Caché Programming Orientation Guide
Persistent Objects and Caché SQL
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A key feature in Caché is its combination of object technology and SQL. You can use the most convenient access mode for any given scenario. This chapter describes how Caché provides this feature and gives an overview of your options for working with stored data. It discusses the following topics:

Introduction
Caché provides what is sometimes called an object database: a database combined with an object-oriented programming language. As a result, you can write flexible code that does all of the following:
That is, you can choose the access mode that suits your needs at any given time.
Internally, all access is done via direct global access, and you can access your data that way as well when appropriate. (If you have a class definition, it is not recommended to use direct global access to make changes to the data.)
Caché SQL
Caché provides an implementation of SQL, known as Caché SQL.
Caché SQL supports the complete entry-level SQL-92 standard with a few exceptions and several special extensions. Caché SQL also supports indices, triggers, BLOBs, and stored procedures (these are typical RDBMS features but are not part of the SQL-92 standard). For a complete list, see Using Caché SQL.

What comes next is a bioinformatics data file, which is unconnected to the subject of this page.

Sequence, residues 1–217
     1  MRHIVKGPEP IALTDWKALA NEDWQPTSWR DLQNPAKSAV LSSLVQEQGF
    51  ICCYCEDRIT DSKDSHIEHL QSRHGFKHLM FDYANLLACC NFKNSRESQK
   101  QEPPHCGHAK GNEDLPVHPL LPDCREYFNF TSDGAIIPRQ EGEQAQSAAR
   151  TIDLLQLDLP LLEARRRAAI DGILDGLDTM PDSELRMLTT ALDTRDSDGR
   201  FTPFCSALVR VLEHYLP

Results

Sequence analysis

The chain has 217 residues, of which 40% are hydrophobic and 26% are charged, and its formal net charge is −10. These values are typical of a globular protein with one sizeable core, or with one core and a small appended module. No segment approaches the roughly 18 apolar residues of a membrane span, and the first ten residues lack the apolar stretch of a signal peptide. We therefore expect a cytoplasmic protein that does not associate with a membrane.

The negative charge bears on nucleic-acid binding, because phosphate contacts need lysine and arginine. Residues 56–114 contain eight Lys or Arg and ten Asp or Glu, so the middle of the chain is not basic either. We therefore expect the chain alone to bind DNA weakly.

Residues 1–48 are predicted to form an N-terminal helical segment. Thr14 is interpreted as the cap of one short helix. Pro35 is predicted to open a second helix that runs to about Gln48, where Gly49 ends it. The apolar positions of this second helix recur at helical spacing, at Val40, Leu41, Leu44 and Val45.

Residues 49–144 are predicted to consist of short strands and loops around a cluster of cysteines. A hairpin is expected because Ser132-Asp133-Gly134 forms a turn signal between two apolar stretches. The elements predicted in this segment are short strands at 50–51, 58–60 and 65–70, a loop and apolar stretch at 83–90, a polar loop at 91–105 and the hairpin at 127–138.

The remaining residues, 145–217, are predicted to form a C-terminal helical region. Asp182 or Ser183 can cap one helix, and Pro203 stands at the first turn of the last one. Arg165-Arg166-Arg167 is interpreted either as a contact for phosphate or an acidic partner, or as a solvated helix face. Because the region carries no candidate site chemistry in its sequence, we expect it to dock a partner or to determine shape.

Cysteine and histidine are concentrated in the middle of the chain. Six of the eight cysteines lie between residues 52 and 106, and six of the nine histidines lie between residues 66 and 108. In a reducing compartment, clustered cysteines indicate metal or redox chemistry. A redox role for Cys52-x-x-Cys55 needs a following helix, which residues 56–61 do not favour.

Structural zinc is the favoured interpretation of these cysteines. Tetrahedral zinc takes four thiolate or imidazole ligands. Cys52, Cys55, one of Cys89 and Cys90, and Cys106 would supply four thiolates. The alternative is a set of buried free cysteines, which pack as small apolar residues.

Where You Can Use Caché SQL
You can use Caché SQL within routines and within methods. To use SQL in these contexts, you can use either or both of the following tools:
Also, you can execute Caché SQL directly within the SQL Shell (in the Terminal) and in the Management Portal. Each of these includes an option to view the query plan, which can help you identify ways to make a query more efficient.
Object Extensions to SQL
To make it easier to use SQL within object applications, Caché includes a number of object extensions to SQL.
One of the most interesting of these extensions is ability to follow object references using the reference (“–>”) operator. For example, suppose you have a Vendor class that refers to two other classes: Contact and Region. You can refer to properties of the related classes using the reference operator:
SELECT ID,Name,ContactInfo->Name
FROM Vendor
WHERE Vendor->Region->Name = 'Antarctica'
Of course, you can also express the same query using SQL JOIN syntax. The advantage of the reference operator syntax is that it is succinct and easy to understand at a glance.